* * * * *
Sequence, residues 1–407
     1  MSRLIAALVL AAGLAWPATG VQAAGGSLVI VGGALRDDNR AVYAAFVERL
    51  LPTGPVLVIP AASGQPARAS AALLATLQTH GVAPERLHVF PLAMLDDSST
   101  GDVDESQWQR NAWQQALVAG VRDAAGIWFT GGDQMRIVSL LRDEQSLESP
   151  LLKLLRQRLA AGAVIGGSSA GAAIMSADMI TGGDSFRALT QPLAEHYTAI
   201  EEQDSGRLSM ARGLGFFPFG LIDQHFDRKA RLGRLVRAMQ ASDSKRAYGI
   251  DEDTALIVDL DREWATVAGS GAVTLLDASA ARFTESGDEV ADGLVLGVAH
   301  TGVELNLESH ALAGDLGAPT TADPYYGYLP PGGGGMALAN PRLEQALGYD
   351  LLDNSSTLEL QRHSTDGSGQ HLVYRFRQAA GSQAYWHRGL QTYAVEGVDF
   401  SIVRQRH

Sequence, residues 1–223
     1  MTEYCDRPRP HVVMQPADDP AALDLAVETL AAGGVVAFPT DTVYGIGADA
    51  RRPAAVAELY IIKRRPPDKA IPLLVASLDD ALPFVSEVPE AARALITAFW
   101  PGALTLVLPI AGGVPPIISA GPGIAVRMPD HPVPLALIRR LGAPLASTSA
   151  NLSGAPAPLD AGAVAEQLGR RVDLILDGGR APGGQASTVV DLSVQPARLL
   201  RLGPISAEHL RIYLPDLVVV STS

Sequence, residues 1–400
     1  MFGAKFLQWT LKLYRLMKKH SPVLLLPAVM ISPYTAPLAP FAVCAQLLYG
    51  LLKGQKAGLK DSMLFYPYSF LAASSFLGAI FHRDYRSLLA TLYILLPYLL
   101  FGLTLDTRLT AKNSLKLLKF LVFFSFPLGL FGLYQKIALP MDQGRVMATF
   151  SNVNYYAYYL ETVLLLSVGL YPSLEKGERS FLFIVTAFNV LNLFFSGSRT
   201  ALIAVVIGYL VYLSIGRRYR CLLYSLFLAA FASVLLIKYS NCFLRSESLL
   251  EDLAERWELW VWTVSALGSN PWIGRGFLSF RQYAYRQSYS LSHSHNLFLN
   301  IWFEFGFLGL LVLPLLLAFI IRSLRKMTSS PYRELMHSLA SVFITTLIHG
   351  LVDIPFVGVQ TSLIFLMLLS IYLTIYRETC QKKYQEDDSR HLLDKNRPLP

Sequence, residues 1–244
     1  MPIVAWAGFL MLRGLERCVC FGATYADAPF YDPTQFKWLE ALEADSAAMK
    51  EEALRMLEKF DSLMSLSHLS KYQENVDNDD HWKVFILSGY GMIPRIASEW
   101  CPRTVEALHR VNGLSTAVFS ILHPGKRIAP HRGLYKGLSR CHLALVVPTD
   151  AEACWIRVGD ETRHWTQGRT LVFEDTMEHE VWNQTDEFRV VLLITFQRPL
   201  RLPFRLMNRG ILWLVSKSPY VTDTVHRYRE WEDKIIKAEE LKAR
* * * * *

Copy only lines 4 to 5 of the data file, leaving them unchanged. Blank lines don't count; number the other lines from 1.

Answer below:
   101  GDVDESQWQR NAWQQALVAG VRDAAGIWFT GGDQMRIVSL LRDEQSLESP
   151  LLKLLRQRLA AGAVIGGSSA GAAIMSADMI TGGDSFRALT QPLAEHYTAI